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Diaspore_GP_IHP.pdf (13.79 MB)
QM/MM Simulations of Organic Phosphorus Adsorption at the Diaspore-Water Interface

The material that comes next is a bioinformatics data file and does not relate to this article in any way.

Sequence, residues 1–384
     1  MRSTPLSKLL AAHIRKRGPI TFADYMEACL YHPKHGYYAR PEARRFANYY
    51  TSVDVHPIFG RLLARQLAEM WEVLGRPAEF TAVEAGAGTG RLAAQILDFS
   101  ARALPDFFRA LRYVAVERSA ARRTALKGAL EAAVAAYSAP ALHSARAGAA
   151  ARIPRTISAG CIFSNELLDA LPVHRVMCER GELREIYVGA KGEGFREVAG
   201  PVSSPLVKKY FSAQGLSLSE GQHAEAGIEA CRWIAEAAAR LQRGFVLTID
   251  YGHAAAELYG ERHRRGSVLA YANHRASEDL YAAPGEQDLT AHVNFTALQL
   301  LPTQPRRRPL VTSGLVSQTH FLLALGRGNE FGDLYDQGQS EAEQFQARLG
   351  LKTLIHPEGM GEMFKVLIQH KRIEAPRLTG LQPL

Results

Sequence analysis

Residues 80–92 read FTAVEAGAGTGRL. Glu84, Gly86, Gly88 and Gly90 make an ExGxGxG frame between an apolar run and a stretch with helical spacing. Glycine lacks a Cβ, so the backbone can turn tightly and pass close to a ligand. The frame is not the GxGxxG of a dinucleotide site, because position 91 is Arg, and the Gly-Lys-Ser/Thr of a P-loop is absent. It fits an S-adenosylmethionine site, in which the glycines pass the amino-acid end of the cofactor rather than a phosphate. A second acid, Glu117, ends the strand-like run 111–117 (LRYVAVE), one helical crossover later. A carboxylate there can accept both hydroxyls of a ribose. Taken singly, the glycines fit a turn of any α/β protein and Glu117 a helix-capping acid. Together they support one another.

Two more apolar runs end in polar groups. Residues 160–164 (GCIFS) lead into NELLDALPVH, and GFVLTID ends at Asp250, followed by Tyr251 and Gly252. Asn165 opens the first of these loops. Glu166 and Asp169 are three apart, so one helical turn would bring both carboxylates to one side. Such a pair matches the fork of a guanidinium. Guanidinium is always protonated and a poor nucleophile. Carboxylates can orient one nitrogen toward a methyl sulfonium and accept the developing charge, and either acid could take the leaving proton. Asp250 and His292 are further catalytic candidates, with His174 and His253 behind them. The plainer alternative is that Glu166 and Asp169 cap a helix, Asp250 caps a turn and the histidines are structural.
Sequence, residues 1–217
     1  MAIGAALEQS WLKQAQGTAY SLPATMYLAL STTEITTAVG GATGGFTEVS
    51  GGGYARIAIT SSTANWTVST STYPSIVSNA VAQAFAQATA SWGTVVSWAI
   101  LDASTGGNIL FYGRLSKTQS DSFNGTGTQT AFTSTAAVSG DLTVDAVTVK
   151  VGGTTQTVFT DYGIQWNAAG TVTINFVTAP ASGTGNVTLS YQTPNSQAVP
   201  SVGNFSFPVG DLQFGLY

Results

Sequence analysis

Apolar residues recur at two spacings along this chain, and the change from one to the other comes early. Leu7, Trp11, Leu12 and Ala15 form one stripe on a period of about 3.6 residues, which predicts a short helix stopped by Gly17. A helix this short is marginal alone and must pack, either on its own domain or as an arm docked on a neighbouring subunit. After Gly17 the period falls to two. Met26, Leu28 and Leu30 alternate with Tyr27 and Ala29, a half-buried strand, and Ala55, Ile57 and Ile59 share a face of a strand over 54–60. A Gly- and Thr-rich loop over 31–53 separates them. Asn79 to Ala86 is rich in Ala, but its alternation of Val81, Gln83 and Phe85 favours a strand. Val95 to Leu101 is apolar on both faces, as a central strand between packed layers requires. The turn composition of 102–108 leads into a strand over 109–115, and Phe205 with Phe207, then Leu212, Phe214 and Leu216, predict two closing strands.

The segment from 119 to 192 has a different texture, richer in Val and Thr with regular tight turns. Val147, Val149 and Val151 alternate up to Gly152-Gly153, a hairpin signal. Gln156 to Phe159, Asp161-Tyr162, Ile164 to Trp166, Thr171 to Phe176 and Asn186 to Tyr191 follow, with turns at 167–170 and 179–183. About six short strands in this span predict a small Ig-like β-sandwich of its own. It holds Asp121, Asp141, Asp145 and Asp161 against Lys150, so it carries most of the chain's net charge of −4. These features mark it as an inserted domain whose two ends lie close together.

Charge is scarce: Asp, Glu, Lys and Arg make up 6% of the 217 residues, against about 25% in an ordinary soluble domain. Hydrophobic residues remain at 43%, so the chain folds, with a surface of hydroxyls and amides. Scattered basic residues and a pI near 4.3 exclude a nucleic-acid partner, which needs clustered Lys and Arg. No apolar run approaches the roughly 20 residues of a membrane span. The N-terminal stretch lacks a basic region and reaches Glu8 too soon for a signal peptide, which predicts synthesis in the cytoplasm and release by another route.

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The phosphorus (P) immobilization and thus its availability for plants are mainly affected by the strong interaction of phosphates with soil components especially soil mineral surfaces. Related reactions have been studied extensively via sorption experiments especially by carrying out adsorption of ortho-phosphate onto Fe-oxide surfaces. But a molecular-level understanding for the P-binding mechanisms at the mineral-water interface is still lacking, especially for forest eco-systems. Therefore, the current contribution provides an investigation of the molecular binding mechanisms for two abundant phosphates in forest soils, inositol hexaphosphate (IHP) and glycerolphosphate (GP), at the diaspore mineral surface. Here a hybrid electrostatic embedding quantum mechanics/molecular mechanics (QM/MM) based molecular dynamics simulation has been applied to explore the diaspore-IHP/GP-water interactions. The results provide evidence for the formation of different P-diaspore binding motifs involving monodentate (M) and bidentate (B) for GP and two (2M) as well as three (3M) monodentate for IHP. The interaction energy results indicated the abundance of the GP B motif compared to the M one. The IHP 3M motif has a higher total interaction energy compared to its 2M motif, but exhibits a lower interaction energy per bond. Compared to GP, IHP exhibited stronger interaction with the surface as well as with water. Water was found to play an important role in controlling these diaspore-IHP/GP-water interactions. The interfacial water molecules form moderately strong H-bonds (HBs) with GP and IHP as well as with the diaspore surface. For all the diaspore-IHP/GP-water complexes, the interaction of water with diaspore exceeds that with the studied phosphates. Furthermore, some water molecules form covalent bonds with diaspore Al atoms while others dissociate at the surface to protons and hydroxyl groups leading to proton transfer processes. Finally, the current results conﬁrm previous experimental conclusions indicating the importance of the number of phosphate groups, HBs, and proton transfers in controlling the P-binding at soil mineral surfaces.